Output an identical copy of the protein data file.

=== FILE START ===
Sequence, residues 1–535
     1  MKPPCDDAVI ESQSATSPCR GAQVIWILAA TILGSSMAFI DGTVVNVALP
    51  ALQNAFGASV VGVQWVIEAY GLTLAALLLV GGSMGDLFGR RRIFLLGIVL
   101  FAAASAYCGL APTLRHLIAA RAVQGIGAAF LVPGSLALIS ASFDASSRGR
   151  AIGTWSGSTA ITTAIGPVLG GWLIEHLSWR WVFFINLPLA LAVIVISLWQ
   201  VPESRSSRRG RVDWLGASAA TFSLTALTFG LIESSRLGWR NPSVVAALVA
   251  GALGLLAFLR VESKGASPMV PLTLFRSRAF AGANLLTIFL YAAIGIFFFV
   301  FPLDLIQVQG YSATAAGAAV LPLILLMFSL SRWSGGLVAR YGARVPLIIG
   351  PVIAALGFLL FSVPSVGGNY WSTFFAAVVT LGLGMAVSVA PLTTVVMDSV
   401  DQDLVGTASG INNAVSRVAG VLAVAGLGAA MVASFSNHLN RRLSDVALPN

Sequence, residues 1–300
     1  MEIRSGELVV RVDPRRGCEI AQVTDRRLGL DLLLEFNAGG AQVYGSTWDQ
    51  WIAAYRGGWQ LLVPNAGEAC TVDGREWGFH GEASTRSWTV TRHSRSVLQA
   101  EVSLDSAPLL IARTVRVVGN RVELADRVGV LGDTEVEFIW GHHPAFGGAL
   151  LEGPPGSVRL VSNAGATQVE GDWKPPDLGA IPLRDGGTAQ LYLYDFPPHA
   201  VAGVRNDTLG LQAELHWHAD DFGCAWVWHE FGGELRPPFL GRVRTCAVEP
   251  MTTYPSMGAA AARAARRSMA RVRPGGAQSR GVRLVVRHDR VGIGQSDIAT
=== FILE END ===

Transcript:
Sequence, residues 1–535
     1  MKPPCDDAVI ESQSATSPCR GAQVIWILAA TILGSSMAFI DGTVVNVALP
    51  ALQNAFGASV VGVQWVIEAY GLTLAALLLV GGSMGDLFGR RRIFLLGIVL
   101  FAAASAYCGL APTLRHLIAA RAVQGIGAAF LVPGSLALIS ASFDASSRGR
   151  AIGTWSGSTA ITTAIGPVLG GWLIEHLSWR WVFFINLPLA LAVIVISLWQ
   201  VPESRSSRRG RVDWLGASAA TFSLTALTFG LIESSRLGWR NPSVVAALVA
   251  GALGLLAFLR VESKGASPMV PLTLFRSRAF AGANLLTIFL YAAIGIFFFV
   301  FPLDLIQVQG YSATAAGAAV LPLILLMFSL SRWSGGLVAR YGARVPLIIG
   351  PVIAALGFLL FSVPSVGGNY WSTFFAAVVT LGLGMAVSVA PLTTVVMDSV
   401  DQDLVGTASG INNAVSRVAG VLAVAGLGAA MVASFSNHLN RRLSDVALPN

Sequence, residues 1–300
     1  MEIRSGELVV RVDPRRGCEI AQVTDRRLGL DLLLEFNAGG AQVYGSTWDQ
    51  WIAAYRGGWQ LLVPNAGEAC TVDGREWGFH GEASTRSWTV TRHSRSVLQA
   101  EVSLDSAPLL IARTVRVVGN RVELADRVGV LGDTEVEFIW GHHPAFGGAL
   151  LEGPPGSVRL VSNAGATQVE GDWKPPDLGA IPLRDGGTAQ LYLYDFPPHA
   201  VAGVRNDTLG LQAELHWHAD DFGCAWVWHE FGGELRPPFL GRVRTCAVEP
   251  MTTYPSMGAA AARAARRSMA RVRPGGAQSR GVRLVVRHDR VGIGQSDIAT